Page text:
Though a silent majority, there is always the possibility should displeasure set in, that the group becomes a ticking bomb waiting to go off, inflicting carnage in its wake. This is made worst should individuals feel their voices are being silenced and frustrations repressed.
“If not attentively handled, a small discontentment [can brew] into an aversion to the country or government,” Tiffany warns. Mr Kalaivan agrees. In his opinion, needs have to be “heard and addressed”. The threat of homogenous thinking is high, and the repercussion of that is it “could lead to further entrenchment through enclaves of people with further pre-conceived notions of people with alternative views”.
How the silent majority can have a voice
Cancel culture can lead to bullying which is one of the causes of silenced viewpoints. To combat this, “more channels to give feedback and express opinions on different issues is important,” says Dr Pang. Choosing the right platform for the issue and matter at hand plays a significant role on the readiness of the audience to listen. She comments that “social media should not be used as the only source to understand public opinions, especially for issues that may be more divisive and contentious”.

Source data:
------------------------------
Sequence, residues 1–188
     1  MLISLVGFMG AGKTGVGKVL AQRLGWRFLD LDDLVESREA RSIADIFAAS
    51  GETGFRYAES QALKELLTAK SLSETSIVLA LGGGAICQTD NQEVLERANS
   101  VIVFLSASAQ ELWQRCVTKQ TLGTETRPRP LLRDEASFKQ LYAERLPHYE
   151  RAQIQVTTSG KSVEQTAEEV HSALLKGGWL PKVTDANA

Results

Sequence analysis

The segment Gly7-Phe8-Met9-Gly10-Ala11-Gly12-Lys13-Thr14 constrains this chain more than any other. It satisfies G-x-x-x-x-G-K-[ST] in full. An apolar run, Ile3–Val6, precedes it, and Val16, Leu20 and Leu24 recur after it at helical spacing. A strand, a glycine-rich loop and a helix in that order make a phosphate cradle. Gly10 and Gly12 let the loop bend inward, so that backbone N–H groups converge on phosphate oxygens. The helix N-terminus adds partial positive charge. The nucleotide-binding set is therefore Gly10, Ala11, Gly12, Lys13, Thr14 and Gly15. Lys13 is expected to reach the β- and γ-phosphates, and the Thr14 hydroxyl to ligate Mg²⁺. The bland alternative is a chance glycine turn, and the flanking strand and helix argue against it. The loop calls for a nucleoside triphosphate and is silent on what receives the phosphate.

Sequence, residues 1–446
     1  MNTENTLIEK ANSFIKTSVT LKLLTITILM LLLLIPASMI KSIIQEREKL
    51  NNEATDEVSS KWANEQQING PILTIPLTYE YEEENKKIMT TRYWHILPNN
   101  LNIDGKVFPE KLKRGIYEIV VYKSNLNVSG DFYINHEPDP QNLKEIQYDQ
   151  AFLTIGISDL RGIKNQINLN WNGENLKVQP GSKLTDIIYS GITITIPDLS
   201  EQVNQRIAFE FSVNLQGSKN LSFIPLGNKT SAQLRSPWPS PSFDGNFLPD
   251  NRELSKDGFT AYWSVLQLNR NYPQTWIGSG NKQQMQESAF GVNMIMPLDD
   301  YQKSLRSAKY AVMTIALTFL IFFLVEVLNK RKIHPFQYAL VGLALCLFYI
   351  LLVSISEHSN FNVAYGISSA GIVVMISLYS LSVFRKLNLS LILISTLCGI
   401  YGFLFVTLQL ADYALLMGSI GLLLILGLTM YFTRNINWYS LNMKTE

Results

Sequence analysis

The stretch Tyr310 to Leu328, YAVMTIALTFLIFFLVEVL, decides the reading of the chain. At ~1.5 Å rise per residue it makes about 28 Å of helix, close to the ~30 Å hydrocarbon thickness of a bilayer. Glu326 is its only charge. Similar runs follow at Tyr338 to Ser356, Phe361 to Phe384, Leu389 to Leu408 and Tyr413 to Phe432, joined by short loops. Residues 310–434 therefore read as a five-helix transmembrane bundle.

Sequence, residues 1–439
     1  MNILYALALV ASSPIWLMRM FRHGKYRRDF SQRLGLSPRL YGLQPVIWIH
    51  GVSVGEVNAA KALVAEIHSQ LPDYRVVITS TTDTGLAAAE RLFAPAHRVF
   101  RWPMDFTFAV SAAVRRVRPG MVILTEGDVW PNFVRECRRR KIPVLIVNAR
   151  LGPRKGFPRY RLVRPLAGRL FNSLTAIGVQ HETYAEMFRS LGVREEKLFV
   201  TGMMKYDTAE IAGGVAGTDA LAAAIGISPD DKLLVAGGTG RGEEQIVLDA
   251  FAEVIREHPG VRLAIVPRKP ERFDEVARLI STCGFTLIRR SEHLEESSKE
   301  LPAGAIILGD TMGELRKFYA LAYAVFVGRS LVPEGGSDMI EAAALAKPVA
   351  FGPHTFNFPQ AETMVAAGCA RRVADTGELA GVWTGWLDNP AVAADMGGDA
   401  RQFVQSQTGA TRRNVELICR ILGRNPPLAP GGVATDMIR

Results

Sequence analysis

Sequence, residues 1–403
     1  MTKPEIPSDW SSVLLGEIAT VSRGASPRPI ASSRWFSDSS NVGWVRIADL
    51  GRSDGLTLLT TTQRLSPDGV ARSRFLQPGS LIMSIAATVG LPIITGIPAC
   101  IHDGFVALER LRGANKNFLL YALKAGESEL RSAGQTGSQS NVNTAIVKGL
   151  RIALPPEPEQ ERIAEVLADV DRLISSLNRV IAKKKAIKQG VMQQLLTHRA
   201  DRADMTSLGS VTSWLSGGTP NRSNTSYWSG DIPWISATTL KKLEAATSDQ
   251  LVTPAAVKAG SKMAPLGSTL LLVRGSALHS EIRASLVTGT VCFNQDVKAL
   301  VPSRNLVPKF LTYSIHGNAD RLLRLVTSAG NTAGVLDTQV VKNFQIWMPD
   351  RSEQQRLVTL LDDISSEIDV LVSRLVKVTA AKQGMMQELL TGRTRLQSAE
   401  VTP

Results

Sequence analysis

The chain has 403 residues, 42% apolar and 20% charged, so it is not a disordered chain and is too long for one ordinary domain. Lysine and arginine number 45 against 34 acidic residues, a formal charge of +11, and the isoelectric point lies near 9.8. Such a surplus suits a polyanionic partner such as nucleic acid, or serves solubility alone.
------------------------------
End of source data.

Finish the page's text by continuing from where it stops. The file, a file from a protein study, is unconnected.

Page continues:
Mr Kalaivanar agrees with this approach. “Providing multiple outlets for feedback is important,” he says, but adds that there is also a need to “create safe spaces that value opinions”.
However, he cautions that the goal is not to silence any one group, and in order for silent majorities not to form is to “validate feedback from both the silent majority and vocal minority”.
Looking at how public sentiments and interests can be escalated to the decision-making level of the government is another avenue that should be explored.
Mr Yu opines that “opposition seats [need to be] increased”. More channels and offices that take care of the specific interest of different demographics — such as the “LGBT, minority race, [low to middle] income, and physically [and] mentally handicapped” — is also a way to ensure that citizens’ feedback is heard, he stressed
It seems that cancel culture may not be entirely blamed for a silent majority, because the context under which a ‘silent majority’ functions within is not always a repressed and disgruntled group either. However, the crux of the matter is ensuring no one group of voices in society is suppressed, which is the true cost and carnage of cancel culture.